The Truth About Job Hopping
It used to be people obtained a job after university or high school, and that’s where they worked until the day they retired. Outside of a corporate restructuring, or something else out of a person’s control, people mostly stayed in a job for decades. Switching jobs every few years didn’t happen all that often, and when it did, it was a questionable character trait.
But now, times are different. Some hiring managers might even get suspicious if a candidate stays in one place for too long. Job hopping has become far more acceptable, even expected, among professionals.
Is job-hopping harmful or helpful to your career?
- There’s a difference between leaving by choice and leaving due to circumstance. A corporate shake-up, whether it’s downsizing or reorganization under a new owner, is an event outside an employee’s control. New management might want to clean house and bring in their own people. Downsizing happens, especially if the financial markets are taking hits. Leaving a job after a year or two, however, can suggest a lack of loyalty and a sense of only looking for a bigger paycheck, instead of working toward a greater good. Some research even suggests disapproval of changing jobs frequently has increased in recent years. If you left your previous positions by choice, after only spending a year at each, be prepared to explain why during any future interviews.
- Younger workers think changing jobs shows a willingness and excitement to learn and grow. Different companies in the same field can, and usually do, operate in very different ways. Changing positions is an excellent way to stay sharp, learn new skills, understand your field with increasing depth and nuance and a great way to build your network. It can indicate adaptability and willingness to embrace change from the start.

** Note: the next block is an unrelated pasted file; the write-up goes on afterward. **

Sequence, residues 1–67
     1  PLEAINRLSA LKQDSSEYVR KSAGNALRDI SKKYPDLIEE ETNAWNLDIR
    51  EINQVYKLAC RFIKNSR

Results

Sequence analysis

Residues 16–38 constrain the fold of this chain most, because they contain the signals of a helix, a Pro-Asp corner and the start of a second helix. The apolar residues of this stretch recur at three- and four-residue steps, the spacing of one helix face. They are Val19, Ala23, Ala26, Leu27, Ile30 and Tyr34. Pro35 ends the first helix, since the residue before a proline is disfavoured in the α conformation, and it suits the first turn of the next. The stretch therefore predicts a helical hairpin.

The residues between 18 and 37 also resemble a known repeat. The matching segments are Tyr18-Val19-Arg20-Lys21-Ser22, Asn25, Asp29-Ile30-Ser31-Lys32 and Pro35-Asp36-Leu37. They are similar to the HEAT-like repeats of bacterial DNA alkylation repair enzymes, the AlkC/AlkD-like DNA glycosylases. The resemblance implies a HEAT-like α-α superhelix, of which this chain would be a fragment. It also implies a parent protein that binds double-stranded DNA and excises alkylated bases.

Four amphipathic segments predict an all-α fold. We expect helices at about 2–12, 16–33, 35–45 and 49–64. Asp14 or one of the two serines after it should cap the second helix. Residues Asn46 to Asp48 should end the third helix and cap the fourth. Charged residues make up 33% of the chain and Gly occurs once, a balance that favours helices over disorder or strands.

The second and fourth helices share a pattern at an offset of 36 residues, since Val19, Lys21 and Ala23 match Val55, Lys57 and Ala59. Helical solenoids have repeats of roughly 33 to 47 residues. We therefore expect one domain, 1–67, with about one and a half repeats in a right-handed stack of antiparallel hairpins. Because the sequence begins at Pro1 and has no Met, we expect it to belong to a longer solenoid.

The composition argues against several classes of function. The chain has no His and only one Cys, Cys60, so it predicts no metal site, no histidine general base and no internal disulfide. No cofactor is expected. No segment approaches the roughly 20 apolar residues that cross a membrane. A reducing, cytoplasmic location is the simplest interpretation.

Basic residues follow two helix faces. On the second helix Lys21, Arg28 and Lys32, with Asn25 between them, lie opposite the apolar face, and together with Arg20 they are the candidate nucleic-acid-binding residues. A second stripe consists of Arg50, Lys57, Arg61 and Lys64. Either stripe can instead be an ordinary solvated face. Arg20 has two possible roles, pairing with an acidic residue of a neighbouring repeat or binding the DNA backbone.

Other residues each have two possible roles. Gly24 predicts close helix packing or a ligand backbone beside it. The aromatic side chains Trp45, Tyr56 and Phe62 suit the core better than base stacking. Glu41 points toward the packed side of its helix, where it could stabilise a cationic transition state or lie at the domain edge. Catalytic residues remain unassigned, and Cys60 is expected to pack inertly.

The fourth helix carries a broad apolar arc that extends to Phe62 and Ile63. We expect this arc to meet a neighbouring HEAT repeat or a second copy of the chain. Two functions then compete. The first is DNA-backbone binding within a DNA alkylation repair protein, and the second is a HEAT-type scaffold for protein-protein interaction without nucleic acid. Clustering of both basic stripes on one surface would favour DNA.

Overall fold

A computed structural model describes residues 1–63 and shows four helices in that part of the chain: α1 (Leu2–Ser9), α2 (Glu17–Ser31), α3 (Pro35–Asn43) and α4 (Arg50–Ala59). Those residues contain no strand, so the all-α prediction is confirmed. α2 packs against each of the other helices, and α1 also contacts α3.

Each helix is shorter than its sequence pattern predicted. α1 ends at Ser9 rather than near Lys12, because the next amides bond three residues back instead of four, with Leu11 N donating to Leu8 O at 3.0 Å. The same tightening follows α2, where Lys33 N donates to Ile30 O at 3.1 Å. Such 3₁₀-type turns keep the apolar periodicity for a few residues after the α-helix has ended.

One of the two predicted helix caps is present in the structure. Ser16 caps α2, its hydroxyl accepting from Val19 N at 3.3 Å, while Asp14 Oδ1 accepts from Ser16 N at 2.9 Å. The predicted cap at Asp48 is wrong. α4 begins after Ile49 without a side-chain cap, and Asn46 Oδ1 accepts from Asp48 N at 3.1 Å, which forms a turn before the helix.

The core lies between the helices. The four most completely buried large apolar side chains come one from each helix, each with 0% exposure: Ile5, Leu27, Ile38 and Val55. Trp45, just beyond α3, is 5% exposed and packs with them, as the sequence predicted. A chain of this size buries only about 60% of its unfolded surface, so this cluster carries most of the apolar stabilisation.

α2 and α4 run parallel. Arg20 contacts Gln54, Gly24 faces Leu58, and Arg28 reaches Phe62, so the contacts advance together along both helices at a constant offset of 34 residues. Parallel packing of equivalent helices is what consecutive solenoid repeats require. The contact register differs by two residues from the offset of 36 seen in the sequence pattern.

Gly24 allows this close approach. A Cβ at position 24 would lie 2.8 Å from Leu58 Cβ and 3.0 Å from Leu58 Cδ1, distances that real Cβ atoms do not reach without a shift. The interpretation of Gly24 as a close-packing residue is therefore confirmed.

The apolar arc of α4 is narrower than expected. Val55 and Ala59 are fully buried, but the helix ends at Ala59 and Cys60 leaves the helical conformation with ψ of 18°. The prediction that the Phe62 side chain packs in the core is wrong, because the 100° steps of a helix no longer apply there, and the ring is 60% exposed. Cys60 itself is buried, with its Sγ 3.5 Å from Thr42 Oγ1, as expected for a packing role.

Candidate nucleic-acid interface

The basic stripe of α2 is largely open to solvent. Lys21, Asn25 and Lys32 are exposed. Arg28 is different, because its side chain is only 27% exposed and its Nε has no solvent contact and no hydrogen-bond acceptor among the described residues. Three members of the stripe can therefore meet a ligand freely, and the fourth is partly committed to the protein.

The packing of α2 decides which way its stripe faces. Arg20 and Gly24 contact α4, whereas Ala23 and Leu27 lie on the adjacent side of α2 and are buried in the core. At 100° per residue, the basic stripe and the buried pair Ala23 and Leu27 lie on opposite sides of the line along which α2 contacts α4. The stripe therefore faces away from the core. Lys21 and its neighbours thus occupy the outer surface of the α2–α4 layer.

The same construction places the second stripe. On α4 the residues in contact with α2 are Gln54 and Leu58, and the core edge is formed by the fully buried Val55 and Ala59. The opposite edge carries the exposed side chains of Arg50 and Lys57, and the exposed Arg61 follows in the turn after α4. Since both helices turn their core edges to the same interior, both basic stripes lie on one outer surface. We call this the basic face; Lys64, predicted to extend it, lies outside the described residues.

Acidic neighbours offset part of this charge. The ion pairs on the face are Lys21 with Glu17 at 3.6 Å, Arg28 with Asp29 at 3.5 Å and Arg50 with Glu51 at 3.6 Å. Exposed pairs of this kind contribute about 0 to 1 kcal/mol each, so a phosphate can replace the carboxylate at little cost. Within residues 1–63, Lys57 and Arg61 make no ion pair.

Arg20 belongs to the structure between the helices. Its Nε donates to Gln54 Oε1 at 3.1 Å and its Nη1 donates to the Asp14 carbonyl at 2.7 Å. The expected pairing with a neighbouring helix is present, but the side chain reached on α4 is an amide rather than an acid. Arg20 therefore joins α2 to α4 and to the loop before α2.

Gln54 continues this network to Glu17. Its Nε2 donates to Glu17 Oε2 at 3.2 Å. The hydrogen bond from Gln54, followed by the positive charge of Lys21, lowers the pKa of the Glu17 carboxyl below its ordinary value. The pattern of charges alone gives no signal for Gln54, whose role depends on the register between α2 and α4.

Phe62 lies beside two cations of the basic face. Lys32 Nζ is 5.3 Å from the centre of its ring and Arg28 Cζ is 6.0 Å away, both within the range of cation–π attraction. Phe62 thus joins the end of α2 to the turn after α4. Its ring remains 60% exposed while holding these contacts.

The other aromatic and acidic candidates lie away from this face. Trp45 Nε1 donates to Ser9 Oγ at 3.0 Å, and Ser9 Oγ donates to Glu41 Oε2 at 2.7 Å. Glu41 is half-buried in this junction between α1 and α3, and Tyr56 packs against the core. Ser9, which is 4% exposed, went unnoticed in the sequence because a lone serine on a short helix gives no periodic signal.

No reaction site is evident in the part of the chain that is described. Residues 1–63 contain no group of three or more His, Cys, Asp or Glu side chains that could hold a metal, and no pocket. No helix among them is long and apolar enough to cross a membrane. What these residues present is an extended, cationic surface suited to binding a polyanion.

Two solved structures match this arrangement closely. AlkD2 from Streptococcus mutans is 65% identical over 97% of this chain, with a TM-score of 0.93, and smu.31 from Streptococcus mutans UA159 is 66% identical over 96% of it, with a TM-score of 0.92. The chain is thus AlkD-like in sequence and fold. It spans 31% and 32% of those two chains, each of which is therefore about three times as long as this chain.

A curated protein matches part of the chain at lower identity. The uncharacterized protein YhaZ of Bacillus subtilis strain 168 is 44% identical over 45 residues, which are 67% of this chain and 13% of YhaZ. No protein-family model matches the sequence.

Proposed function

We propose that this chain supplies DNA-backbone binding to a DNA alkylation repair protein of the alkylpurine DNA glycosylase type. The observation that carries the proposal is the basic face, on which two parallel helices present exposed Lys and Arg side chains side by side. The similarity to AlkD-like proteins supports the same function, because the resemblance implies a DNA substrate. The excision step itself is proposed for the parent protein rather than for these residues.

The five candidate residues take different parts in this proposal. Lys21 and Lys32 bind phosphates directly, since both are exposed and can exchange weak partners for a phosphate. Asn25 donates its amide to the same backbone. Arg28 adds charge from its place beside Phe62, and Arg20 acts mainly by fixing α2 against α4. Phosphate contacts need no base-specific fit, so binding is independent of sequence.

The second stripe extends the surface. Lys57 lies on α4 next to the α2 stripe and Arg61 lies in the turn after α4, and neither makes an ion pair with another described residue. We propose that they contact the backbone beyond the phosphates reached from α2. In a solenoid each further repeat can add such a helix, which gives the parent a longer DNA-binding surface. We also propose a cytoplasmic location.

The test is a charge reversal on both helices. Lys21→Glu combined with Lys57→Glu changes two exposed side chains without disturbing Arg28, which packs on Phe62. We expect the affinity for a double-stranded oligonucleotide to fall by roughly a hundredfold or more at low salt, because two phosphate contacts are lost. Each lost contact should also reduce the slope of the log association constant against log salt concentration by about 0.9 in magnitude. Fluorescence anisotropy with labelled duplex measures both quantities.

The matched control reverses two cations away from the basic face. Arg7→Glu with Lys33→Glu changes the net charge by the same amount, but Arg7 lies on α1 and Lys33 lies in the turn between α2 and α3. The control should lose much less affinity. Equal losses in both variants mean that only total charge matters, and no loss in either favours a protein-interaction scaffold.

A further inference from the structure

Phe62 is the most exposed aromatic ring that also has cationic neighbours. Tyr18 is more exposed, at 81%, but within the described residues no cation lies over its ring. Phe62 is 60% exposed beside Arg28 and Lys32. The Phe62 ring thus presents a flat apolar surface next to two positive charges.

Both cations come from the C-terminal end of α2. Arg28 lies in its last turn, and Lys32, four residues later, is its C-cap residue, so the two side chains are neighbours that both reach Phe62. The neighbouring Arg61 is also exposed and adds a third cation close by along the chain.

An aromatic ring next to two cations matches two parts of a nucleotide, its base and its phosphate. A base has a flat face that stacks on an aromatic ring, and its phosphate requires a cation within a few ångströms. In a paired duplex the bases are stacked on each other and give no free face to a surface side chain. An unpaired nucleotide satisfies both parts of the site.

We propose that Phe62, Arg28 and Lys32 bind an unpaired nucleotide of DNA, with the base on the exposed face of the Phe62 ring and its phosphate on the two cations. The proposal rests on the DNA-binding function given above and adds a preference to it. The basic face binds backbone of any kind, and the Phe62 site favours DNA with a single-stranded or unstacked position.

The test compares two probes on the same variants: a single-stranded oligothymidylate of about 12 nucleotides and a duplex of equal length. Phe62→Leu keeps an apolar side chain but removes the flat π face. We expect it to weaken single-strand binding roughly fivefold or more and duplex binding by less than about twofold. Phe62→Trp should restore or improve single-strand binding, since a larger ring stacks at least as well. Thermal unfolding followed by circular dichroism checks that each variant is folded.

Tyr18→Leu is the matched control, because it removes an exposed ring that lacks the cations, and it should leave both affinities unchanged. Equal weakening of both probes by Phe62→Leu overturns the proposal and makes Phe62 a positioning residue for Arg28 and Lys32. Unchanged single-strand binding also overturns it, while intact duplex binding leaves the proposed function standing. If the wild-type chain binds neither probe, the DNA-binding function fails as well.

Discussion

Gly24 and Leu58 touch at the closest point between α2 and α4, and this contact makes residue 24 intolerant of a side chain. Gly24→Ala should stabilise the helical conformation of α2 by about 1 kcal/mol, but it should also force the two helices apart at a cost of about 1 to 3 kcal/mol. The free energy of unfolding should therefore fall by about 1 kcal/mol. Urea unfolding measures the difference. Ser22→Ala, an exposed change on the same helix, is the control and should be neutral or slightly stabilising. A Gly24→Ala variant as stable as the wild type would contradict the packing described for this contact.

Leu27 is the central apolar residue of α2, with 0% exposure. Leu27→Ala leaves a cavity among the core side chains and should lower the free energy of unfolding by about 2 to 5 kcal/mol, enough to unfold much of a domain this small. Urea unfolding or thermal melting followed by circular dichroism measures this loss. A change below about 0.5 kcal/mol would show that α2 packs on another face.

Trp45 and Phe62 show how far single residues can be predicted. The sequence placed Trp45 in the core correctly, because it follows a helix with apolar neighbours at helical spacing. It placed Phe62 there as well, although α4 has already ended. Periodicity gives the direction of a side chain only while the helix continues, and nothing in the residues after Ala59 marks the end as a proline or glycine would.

- In the finance world, like the technology world, the best way to improve your skills is to work with different firms every few years. The old way of thinking was that staying with one employer for your whole career indicated loyalty, respect and dedication; that same approach now can suggest complacency, a stalled career or a lack of ambition. Moving from firm to firm after a year or two can indicate an eagerness to grow and learn, especially if your employer wasn’t providing that opportunity.
- Ultimately, it’ll come down to the hiring manager. You can have excellent reasons, alluded to on your resume or application, for why you’ve changed jobs three times in five years. The common perception that a hiring manager only glances at resumes for a few seconds when reviewing candidates is based in some truth. A hiring manager who decides, after a quick scan, that you’ve had “too many” jobs for your career won’t be convinced that you’re worth a second look. But someone who understands the need to stay sharp will be curious about your journey and will want to know more. It’s old thinking versus new.
Ultimately, we all want to work in a place where we feel valued, well-paid for our talents and efforts, and where our efforts are appreciated in some way. We want to be challenged, and our ambition applauded. If your current job isn’t providing that, or you feel it’s worth taking a look around to see what else is out there, you’re free to do so in the best interest of your career.
Invest in your professional advancement
When the time does come to find a new opportunity, contact the business partners at IFG. We work with top firms in the finance and accounting world, and they’re looking for qualified employees like you.